This is a rather long book review considering its unusual style. Whisky enthusiasts and writers coming from the music industry are bringing a new funny and entertaining style (fun) to the whisky community and this book is a reflection of this new wave, similar to John Glaser with the Whisky Industry.

Rating: 4/5

Whisky: the Islay edition; postorgasmickitchen; 2010
The preview of the movie was promising and I could not resist purchasing one copy. Inside you have two discs, one DVD and one Blu-Ray. Having no Blu-Ray player, this review is thus based on the DVD version. The movie is in English with subtitles in English or in Dutch. The movie lasts for about 1 hour and the quality of the images is very good, modern, and the story flows wells, as the speed of the Islay life. It provides a good introduction to the whisky production process and reviews all the 8 distilleries on Islay, their distillery managers and the standard malt from each of these distilleries.
All in all, it is a good movie, with images and sound of very good quality and providing an 1-hour of welcomed entertainment.  I wish they would continue this serie further. The DVD can be purchased here:
Rating: 5/5

Canadian Whisky, Davin de Kergommeaux, MCCLELLAND & STEWART 2012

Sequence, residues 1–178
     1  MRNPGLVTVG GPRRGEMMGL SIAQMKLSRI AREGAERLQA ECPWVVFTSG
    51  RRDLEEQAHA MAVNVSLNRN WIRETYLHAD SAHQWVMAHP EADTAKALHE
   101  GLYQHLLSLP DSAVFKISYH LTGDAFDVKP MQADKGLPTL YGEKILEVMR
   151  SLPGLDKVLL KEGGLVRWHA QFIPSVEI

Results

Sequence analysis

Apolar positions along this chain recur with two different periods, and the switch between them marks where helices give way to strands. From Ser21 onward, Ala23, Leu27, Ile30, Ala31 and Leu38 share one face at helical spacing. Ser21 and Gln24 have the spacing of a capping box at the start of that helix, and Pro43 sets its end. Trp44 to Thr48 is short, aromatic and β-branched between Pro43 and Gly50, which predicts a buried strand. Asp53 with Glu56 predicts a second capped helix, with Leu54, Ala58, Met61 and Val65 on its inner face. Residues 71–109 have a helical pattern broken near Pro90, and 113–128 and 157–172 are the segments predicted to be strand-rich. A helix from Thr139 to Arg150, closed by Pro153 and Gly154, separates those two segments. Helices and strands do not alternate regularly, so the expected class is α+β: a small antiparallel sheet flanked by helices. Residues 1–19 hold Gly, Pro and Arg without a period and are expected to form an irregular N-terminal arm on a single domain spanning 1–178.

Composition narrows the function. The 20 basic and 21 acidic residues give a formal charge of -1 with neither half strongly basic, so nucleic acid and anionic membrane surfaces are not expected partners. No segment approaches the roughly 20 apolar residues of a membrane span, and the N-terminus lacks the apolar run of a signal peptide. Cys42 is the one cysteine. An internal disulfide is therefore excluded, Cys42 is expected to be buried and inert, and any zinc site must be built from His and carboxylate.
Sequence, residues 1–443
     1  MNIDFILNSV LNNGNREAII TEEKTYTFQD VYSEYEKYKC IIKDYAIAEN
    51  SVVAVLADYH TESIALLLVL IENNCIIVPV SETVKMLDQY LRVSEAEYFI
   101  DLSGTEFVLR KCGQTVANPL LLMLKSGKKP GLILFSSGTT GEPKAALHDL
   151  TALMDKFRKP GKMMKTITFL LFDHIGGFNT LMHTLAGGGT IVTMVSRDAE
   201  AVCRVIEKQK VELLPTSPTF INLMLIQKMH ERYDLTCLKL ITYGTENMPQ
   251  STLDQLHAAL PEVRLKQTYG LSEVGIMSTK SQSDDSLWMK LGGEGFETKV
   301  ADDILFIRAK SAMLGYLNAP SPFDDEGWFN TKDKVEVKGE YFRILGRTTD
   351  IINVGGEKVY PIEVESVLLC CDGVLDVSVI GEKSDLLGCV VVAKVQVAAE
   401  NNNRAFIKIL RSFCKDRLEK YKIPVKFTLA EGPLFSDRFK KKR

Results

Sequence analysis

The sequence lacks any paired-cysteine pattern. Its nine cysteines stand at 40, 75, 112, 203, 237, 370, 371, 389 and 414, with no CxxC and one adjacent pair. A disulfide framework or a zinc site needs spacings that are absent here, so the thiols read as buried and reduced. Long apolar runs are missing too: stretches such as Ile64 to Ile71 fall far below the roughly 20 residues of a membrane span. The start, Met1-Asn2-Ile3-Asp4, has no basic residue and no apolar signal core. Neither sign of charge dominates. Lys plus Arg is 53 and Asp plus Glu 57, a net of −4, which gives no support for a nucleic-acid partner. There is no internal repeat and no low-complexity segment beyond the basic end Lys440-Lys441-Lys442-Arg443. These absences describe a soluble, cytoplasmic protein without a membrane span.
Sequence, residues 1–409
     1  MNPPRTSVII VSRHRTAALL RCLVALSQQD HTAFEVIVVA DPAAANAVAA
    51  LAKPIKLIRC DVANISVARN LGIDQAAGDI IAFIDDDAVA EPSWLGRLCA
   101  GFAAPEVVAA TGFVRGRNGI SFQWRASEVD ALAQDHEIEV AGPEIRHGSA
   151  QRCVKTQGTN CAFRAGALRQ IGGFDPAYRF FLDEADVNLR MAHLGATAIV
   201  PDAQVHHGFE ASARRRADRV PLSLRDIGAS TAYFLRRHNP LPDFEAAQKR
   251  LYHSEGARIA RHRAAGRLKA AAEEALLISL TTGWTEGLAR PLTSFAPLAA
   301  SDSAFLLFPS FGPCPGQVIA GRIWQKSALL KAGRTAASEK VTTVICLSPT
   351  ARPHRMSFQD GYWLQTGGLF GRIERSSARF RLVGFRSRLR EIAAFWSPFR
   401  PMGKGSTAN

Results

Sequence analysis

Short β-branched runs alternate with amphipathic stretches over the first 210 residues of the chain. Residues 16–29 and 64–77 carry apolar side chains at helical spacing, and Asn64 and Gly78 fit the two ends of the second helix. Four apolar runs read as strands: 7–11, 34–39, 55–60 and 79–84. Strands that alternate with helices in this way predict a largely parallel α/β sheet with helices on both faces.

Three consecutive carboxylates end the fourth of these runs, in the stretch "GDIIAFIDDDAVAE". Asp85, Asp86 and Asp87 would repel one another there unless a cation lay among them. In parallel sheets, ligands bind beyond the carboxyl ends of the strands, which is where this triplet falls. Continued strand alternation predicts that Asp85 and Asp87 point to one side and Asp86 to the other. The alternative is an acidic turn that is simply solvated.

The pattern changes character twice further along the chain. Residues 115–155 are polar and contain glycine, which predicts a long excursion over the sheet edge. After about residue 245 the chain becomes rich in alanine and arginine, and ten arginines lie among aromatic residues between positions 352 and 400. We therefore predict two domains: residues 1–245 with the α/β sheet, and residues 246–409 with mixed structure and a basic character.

This is the first whisky book dedicated only to Canadian whiskey. The work of Kevin de Kergommeaux is remarkable by the level of details provided about the history of each Canadian whisky and distillery, and their production process.  If you are looking for a book about Canadian whisky or interested about this product, you will find attracted by Canadian whisky and you will taste it differently next time. The book reads well, unfortunately illustrations are very limited and printed in black and orange-brownish colour of the worst effect, giving the impression it was printed 20-30 years ago. Some efforts on the printout and graphic layout would have been much appreciated to match the quality of the textual content.
Rating: 4/5


The Angels' share, Ken Loach, 2012 (DVD)

As with one of his previous movie (My Name is Joe), the movie starts in the poor suburbs of Glasgow and involves youngsters (offenders). Robbie, judged for several crimes, escapes jail because his girlfriend if pregnant and is given a community service sentence instead. Under the guidance and supervision of Harry, a whisky enthusiast, Robbie becomes interested in whisky and following a whisky tasting in Edinburgh and distillery visit (Deanston and Glengoyne),  he learns about a cask of Malt Mill stored in a Highland distillery (Balblair). With the complicity of his friends from the community service, he managed to safely bring home two bottles of Malt Mill and sold one to a whisky collector he met previously. For £100,000 and a position in a distillery.